9. The apparatus of claim 8 wherein the one bellows surface exposed to control pressure is the exterior and the other bellows surface is the interior.
10. The apparatus of claim 8 or 9 wherein said control pressure comprises the pressure of a gas in the pressure chamber.
11. A safety valve for use in controlling the flow through a fluid transmission conduit in a subterranean oil or gas well in response to changes in control pressure, comprising:
a valve housing having a bore communicating with the fluid transmission conduit;
a shiftable valve closure member for opening and closing the valve bore;
an axially extending pressure chamber defined within the valve housing;
means including a port communicating with one end of the pressure chamber for supplying control pressure to the chamber;
plug means in the pressure chamber for opening and closing the port;
an axially shiftable actuating member engagable with the plug means and with the valve closure member, the valve closure member moving between open and closed positions in response to axial movement of the actuating member; and
an axially expandable and contractable bellows in the pressure chamber, one bellows end being sealably attached to the plug member and the other bellows end being sealably attached to the valve housing so that the bellows supports a pressure differential thereacross; whereby said control pressure changes shift the plug and actuating member to shift the valve closure member, said supplied control pressure in the pressure chamber acting only on the exterior of the bellows.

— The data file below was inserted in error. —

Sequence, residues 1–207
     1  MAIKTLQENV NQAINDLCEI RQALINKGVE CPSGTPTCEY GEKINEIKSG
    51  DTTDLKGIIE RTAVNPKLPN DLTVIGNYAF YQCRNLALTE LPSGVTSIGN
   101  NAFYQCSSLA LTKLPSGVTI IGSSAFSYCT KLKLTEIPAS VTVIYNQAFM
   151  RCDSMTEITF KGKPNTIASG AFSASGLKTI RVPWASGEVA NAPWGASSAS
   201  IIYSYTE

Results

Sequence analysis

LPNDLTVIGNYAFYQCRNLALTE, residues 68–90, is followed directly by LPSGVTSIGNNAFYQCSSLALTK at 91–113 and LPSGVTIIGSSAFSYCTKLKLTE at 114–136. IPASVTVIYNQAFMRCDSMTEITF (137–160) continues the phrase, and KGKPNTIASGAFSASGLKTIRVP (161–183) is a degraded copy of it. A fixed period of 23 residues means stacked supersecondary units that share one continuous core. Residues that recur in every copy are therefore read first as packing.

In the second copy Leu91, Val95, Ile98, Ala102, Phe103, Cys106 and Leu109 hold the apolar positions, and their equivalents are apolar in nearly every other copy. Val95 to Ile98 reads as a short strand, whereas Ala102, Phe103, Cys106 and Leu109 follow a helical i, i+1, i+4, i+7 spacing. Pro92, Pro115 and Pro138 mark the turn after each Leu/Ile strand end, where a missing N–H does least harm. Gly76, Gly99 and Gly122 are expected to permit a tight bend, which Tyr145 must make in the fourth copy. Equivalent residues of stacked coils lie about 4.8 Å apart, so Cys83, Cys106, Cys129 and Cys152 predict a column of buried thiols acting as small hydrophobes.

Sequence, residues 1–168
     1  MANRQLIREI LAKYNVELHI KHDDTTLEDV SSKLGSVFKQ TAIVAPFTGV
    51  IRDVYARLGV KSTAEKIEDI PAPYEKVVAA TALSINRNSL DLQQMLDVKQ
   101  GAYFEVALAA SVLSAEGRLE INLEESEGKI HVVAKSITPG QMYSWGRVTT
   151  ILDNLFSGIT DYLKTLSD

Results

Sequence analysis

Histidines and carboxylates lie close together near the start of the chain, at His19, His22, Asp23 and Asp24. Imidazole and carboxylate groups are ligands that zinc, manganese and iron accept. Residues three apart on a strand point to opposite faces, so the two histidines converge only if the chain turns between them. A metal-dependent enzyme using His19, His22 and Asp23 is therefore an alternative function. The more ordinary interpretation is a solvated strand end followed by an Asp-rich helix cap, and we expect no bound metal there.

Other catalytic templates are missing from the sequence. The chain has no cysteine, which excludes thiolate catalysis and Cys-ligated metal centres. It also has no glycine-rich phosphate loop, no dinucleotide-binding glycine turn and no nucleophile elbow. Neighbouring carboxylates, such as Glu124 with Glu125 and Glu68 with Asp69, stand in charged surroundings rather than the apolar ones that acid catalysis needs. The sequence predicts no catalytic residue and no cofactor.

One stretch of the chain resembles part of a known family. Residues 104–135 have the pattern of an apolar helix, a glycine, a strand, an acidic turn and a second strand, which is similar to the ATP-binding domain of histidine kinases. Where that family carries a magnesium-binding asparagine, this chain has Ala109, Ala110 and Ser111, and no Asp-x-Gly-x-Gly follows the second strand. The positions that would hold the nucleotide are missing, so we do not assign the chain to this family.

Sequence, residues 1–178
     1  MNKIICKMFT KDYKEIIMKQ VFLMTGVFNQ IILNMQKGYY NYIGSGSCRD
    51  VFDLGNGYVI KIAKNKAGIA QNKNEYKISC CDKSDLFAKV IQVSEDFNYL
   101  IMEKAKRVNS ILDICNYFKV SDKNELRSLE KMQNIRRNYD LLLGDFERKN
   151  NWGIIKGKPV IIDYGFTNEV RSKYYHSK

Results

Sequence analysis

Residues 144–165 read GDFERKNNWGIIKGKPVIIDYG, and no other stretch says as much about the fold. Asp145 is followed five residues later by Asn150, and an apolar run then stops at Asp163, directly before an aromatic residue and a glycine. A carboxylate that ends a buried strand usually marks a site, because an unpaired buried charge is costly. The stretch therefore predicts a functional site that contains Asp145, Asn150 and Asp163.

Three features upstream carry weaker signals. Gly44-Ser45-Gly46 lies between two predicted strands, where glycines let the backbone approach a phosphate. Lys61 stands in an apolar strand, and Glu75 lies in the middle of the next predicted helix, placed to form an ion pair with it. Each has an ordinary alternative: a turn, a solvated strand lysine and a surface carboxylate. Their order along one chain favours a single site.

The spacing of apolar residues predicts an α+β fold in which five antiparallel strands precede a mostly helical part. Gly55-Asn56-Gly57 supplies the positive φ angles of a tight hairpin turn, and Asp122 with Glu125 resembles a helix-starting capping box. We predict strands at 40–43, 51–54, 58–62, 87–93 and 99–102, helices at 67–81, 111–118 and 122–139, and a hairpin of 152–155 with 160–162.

12. The safety valve of claim 11 wherein the interior of the bellows is exposed to the pressure in the well.
13. The safety valve of claim 12 wherein the axis of the pressure chamber is laterally offset with the axis of the valve bore.
14. The safety valve of claim 12 wherein the actuating member comprises an annular member concentric with the valve bore, the bellows comprising inner and outer annular corrugated members encompassing one end of the actuating member.
15. The safety valve of claim 11, 12, 13 or 14 wherein the one bellows end is welded to the plug means and the other bellows end is welded to the valve housing.
16. A safety valve for use in controlling the flow through a fluid transmission conduit in a subterranean oil or gas well in response to changes in a supplied control pressure, comprising:
a valve housing;
a valve closure member;
a pressure chamber exposed to said control pressure on one end and to well pressure on the other end;
an expandable and contractable axially extending bellows in the pressure chamber, sealably isolating the chamber end exposed to said supplied control pressure from the chamber and exposed to well pressure, said supplied control pressure acting on one axially extending surface of the bellows and said well pressure acting on the opposite axially extending surface of the bellows, so that the pressure differential acting on the bellows is less than the absoluted supplied control pressure or the absolute well pressure; and
an actuating member for shifting the valve closure member upon axial movement produced by expansion and contraction of the bellows in response to changes in said supplied control pressure.
1. Field of the Invention
This invention relates to valves used in subterranean oil or gas wells which are actuated by control fluid pressure.
2. Description of the Prior Art